From its beginnings in the 1960s, sociolinguistics developed several different subfields with distinct methods and interests: the variationist tradition established by Labov, the anthropological tradition of Hymes, interactional sociolinguistics as developed by Gumperz, and the sociology of language represented by the work of Fishman.
All of these areas have seen a great deal of growth in recent decades, and recent studies have led to a more broadly inclusive view ofsociolinguistics.
Hence there is a need for a handbook that will survey the main areas of the field, point out the lacunae in our existing knowledge base, and provide directions for future research. The Oxford Handbook of Sociolinguistics will differ from existing work in four major respects.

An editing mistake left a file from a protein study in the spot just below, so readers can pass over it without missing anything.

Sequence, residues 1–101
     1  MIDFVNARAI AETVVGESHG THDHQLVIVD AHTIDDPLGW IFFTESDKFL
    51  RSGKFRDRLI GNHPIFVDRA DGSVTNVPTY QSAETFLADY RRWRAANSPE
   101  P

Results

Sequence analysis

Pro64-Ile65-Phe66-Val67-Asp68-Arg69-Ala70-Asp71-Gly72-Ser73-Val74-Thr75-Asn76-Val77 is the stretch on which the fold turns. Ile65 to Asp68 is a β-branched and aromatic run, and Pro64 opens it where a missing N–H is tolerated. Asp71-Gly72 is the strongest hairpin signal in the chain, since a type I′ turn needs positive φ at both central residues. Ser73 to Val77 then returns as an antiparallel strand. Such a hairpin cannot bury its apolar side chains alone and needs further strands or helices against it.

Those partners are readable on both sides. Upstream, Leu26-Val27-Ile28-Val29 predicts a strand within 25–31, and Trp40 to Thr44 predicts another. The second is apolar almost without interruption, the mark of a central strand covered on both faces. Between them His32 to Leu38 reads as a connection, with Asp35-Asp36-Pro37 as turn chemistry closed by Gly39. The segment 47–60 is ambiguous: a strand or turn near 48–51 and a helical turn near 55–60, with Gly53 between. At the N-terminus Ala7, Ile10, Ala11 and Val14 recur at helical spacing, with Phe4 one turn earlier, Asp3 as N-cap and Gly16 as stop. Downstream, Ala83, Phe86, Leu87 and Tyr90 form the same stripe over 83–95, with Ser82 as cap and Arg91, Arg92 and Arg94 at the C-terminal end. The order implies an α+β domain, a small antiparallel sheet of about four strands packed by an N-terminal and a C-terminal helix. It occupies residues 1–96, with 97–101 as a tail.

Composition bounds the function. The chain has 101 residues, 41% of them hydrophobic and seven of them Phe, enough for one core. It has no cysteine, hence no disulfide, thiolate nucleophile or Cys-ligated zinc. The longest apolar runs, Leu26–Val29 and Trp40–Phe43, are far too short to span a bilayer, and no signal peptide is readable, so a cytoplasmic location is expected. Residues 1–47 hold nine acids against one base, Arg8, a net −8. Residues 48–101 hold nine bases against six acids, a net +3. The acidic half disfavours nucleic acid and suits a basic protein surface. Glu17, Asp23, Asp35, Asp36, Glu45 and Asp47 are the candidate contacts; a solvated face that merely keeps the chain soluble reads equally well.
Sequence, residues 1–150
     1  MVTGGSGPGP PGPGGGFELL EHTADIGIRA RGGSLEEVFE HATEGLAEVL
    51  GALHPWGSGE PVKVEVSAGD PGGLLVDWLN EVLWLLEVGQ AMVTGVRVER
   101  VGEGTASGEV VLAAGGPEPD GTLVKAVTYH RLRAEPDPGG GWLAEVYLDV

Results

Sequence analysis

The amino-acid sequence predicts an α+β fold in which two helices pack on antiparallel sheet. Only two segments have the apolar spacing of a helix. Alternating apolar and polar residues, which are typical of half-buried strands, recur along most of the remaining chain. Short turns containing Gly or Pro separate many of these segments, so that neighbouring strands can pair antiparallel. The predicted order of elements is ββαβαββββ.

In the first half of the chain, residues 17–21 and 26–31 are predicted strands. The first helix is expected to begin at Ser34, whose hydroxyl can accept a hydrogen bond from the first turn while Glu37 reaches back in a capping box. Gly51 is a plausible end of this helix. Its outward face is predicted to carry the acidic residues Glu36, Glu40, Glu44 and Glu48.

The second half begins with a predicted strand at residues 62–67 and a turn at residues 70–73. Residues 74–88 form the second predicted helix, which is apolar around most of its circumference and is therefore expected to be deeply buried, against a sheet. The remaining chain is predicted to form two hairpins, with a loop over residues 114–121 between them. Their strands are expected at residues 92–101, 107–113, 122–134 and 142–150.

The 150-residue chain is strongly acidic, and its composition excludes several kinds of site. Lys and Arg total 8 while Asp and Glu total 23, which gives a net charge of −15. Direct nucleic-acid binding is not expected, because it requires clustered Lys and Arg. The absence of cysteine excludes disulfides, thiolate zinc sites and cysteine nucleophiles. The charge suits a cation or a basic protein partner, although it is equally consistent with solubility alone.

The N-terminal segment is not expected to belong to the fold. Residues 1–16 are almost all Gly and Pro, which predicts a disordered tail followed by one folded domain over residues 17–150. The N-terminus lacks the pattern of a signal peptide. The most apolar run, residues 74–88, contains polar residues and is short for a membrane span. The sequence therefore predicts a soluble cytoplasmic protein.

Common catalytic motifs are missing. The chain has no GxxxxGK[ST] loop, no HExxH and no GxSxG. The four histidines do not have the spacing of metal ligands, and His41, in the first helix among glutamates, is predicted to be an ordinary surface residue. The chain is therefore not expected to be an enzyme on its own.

First, it will emphasize new methodological developments, particularly the convergence of linguistic anthropology and variationist sociolinguistics.
Second, it will include chapters on sociolinguistic developments in areas of the world that have been relatively neglected in the major journals.
Third, its chapters are written by contributors who have worked in a range of languages and whose workaddresses sociolinguistic issues in bi- and multilingual contexts, i.e. the contexts in which a majority of the world's population lives.
Finally, it will include substantial material on the rapidly growing study of sign language sociolinguistics.